I got several comments after last weeks article on hill sprinting. Since I just got back from the hill this morning I’ll address the comments. And in case your wondering how this sprinting session went, I dropped my time from 30 seconds down to 29 for the first two sprints.
“I’m all about hill sprints but 6-8 reps of a REAL 30 second hill sprint would require the use of PCP or some kind of religious ritual”
Having never done PCP I can’t specifically comment on that. 🙂
Of course, you will not be able to attain and maintain full speed the entire time, especially as you get tired. At least not in the beginning. By why limit yourself to thinking you can’t improve up to that level?
An all out sprint for 30 seconds is doable. Where you are actually going as fast as you possibly can go the entire time. And if you can do one, provided you have excellent recovery between reps you could do more.
After all, isn’t the point of training to go beyond what people think is possible? And isn’t training in some regards, similar to a religious ritual?
Don’t limit yourself by thinking it can’t be done.
“I’ve recently started normal cardio (i.e., running, swimming, biking) compared to lifting at an aerobic pace or kettlebell. Sprinting up hill sounds pretty good. I’m treadmill bound for stuff like that since I am in SW Florida and we are a basin (below sea level). Thanks for the inspiration as always.
“Oh, here is a little food for thought. Since I am new to “normal” cardio. Isn’t it amazing how we can be good at one thing and another sport tires us out? Training in Capoeira for over five years now. I consider our discipline the most cardio/aerobic intense out of the other Martial Arts (in general). I can “play” for hours, yet put me on a treadmill and I am dead after two miles at a decent pace jog. Just the opposite, I have a friend who runs marathons, but she tried Capoeira one day and she was done after five minutes of the basic move, ginga.. …. Do you have thoughts on that to share with “the class”? :-)”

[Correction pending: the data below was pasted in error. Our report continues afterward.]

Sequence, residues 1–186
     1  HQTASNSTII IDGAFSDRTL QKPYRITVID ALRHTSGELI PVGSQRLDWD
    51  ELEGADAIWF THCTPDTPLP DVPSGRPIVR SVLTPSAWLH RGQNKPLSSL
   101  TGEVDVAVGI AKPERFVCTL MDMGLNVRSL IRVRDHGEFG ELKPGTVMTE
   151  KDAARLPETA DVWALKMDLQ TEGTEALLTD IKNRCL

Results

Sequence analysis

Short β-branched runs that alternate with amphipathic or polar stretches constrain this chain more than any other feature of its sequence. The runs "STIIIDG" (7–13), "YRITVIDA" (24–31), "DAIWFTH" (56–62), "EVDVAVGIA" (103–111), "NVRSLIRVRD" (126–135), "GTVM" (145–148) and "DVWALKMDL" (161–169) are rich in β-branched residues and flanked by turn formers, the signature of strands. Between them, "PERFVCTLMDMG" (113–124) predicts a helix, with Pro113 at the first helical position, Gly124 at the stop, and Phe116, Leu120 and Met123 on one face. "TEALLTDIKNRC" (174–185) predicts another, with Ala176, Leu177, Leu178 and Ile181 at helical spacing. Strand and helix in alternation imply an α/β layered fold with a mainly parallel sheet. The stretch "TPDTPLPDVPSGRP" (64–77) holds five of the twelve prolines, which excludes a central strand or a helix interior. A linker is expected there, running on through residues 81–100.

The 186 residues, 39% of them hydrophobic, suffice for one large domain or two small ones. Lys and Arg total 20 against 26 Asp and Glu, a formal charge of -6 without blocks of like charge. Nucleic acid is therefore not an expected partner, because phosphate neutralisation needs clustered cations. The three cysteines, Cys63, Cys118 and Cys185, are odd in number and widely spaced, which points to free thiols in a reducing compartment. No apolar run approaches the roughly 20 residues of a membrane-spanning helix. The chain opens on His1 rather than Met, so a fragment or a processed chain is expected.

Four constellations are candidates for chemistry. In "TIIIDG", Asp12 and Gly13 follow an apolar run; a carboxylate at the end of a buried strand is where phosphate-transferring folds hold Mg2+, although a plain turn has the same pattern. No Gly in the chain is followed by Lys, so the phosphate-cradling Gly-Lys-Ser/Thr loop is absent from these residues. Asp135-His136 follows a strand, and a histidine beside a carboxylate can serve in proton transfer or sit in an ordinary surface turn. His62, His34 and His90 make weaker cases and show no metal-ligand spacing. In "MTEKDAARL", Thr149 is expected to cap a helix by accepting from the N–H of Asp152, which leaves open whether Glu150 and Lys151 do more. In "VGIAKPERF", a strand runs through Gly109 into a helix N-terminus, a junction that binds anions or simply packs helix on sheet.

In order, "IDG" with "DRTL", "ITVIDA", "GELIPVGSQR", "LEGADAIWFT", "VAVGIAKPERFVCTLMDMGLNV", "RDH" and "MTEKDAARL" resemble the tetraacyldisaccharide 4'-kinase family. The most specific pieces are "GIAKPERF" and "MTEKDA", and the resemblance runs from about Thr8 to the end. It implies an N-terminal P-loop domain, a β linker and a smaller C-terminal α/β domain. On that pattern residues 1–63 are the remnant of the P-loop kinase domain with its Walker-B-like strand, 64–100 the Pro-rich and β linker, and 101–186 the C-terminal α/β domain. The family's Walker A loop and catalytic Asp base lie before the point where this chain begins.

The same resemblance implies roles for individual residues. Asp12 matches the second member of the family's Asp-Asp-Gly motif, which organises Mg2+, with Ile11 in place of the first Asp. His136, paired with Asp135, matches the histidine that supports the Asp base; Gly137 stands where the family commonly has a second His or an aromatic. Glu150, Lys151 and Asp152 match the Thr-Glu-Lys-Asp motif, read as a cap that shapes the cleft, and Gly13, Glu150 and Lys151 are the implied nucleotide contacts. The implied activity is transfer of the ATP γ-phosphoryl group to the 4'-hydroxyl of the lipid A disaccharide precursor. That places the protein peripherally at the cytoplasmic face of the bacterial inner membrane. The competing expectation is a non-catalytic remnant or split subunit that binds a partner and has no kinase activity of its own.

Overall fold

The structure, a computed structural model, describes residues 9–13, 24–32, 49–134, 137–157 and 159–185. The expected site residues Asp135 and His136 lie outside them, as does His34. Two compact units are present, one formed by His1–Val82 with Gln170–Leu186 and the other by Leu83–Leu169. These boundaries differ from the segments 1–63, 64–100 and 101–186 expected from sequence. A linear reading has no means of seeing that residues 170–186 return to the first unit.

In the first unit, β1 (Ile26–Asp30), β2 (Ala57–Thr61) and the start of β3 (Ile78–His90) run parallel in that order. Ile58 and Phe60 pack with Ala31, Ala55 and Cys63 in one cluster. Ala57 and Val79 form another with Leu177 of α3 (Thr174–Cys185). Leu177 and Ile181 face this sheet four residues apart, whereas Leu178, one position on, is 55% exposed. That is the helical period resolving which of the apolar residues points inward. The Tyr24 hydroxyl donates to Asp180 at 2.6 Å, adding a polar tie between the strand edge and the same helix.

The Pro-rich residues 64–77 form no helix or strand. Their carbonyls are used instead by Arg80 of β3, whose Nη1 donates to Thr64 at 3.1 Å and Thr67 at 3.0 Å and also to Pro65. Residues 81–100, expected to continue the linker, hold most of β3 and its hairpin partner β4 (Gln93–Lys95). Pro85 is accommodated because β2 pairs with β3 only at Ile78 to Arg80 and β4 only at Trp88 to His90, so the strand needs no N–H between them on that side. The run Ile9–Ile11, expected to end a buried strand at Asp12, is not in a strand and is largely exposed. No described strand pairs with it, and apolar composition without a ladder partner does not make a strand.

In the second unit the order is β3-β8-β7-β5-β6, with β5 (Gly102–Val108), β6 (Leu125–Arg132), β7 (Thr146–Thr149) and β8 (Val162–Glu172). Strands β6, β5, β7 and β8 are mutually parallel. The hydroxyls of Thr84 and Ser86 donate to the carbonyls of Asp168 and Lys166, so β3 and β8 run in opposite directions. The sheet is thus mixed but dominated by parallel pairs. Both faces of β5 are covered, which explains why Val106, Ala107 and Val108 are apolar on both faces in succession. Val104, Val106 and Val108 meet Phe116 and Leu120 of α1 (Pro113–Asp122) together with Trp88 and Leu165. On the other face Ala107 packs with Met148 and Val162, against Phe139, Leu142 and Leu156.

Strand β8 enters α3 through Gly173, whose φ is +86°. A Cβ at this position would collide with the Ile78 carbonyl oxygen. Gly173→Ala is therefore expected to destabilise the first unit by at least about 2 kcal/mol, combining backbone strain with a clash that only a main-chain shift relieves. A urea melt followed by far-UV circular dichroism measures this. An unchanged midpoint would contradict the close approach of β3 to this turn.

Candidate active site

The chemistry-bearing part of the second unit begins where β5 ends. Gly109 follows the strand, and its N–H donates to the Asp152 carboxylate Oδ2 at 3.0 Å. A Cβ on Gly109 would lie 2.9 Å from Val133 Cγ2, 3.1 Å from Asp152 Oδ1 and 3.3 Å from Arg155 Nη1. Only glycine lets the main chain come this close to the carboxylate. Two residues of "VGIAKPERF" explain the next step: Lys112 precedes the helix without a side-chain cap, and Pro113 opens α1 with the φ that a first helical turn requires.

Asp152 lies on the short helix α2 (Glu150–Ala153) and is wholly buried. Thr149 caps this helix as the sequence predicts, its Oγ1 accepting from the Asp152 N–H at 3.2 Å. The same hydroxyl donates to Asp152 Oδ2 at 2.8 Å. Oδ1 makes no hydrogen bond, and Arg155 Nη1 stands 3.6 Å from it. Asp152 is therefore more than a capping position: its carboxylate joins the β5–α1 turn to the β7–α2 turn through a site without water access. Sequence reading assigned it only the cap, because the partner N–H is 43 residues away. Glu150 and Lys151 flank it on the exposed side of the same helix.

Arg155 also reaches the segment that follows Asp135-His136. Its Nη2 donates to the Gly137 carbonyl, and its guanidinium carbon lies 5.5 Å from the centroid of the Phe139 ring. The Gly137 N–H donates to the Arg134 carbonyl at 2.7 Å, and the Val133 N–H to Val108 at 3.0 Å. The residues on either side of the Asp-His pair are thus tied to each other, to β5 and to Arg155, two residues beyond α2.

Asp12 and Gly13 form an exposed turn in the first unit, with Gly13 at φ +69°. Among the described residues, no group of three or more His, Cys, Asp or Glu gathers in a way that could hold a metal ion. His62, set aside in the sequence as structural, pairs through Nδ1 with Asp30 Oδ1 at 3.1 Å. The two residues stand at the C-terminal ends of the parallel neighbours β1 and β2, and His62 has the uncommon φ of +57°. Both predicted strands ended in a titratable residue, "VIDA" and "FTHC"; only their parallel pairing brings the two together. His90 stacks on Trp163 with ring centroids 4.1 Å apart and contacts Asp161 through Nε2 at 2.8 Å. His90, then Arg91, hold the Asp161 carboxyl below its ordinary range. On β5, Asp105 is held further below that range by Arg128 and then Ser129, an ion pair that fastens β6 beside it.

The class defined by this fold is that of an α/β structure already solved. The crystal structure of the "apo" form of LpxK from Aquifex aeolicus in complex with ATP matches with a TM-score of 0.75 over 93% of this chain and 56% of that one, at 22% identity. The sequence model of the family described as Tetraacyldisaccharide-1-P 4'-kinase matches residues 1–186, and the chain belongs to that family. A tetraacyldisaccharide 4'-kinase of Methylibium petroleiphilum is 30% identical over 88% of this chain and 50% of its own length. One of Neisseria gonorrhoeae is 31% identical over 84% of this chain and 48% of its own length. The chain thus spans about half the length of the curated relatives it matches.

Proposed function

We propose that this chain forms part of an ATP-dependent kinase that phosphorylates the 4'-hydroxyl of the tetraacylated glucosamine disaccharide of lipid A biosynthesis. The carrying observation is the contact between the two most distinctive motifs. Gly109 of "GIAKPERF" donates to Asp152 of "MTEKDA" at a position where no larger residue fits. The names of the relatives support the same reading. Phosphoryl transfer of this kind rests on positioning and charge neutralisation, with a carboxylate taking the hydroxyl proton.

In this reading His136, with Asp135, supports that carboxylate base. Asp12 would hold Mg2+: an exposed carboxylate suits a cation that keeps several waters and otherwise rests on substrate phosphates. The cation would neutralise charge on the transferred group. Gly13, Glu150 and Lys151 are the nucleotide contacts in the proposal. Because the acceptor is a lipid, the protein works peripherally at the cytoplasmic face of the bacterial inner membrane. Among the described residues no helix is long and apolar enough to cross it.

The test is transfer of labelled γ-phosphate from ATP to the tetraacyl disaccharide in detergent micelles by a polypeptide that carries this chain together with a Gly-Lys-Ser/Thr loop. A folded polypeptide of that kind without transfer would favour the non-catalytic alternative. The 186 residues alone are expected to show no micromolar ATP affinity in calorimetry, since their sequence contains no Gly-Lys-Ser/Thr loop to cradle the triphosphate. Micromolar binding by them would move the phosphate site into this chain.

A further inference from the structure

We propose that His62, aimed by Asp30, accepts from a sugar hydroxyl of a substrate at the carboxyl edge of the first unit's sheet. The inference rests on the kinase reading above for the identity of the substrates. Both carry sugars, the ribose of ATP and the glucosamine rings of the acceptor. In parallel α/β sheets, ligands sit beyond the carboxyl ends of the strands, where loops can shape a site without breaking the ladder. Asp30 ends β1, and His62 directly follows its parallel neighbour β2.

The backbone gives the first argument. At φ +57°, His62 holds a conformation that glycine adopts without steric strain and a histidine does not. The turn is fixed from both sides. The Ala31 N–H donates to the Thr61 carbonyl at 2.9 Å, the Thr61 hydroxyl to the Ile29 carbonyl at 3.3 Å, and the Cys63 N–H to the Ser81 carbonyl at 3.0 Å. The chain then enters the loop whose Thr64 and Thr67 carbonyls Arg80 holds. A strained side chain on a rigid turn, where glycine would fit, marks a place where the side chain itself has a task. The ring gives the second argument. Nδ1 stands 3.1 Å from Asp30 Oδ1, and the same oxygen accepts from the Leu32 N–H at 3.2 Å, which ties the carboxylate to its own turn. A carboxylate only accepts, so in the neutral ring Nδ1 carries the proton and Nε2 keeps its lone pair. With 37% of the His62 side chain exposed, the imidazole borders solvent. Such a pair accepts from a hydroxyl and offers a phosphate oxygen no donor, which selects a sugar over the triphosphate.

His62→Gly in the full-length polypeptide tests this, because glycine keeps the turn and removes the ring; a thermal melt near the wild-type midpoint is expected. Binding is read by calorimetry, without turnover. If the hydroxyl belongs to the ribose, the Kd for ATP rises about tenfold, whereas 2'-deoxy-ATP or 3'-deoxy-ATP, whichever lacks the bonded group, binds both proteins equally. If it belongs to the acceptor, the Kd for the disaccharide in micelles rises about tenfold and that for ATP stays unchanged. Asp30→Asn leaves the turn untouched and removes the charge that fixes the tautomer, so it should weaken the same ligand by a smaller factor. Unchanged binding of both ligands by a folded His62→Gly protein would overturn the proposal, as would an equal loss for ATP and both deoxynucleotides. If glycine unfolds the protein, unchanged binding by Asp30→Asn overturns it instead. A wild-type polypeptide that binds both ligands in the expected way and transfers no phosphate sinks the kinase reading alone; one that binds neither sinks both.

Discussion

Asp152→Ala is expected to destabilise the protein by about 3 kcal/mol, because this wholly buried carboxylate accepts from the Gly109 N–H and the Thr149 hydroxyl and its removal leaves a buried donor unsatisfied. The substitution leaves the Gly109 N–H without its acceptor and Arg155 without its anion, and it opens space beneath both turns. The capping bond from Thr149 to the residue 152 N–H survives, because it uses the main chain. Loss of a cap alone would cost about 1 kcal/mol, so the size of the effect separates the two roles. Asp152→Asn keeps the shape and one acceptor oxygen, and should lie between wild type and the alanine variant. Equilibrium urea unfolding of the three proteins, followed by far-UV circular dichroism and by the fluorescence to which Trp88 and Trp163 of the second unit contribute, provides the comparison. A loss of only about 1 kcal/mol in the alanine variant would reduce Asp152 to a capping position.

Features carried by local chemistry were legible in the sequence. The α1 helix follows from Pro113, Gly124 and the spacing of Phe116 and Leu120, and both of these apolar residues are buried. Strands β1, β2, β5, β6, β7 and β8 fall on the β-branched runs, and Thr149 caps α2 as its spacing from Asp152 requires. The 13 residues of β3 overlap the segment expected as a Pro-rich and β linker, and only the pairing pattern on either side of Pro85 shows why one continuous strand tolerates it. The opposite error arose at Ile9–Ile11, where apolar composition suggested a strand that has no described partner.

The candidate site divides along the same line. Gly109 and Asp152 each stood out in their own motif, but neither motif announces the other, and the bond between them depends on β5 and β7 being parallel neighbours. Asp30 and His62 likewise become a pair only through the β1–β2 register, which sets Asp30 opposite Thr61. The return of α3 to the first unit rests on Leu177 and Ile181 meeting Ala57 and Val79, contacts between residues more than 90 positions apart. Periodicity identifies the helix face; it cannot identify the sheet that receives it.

I’ve run into this happening many times. You think the man, a conditioning machine, from swinging and snatching kettlebells all the time.
But then you go and play a game of soccer, for example, and just a few minutes of running around gets you out of breath. You think to yourself ‘Why is this happening?’ since you know you are in good shape.
Its mostly because the body is just efficient at one form of movement over another which is why even if you’re conditioning is good, something new can throw you off. While you can swing around kettlebells like a champ, your body may not be adapted to running. So it takes much more energy to do so.
Once you get into the groove of the new movement though you should find you’ll be doing much better. And your conditioning from one exercise will transfer over.
For this reason it would be best to practice a variety of conditioning methods if you wanted to be the best all-around athlete you could be.
That just about wraps it up for today. But before I go I wanted to let you know about a certain project in the works.
It’s unlike anything that has been seen in the strength training arena before. If you’ve ever felt like you’re just spinning your wheels in your training, not making progress, or not making enough progress, this is something you’ll want to pay attention too.
And because of the format you’ll ‘get it’ 100 times better than you would just reading a book or watching a video.
I know those are some bold claims, but I plan on backing them up. And if everything goes to plan it’ll be ready sometime late June or early July.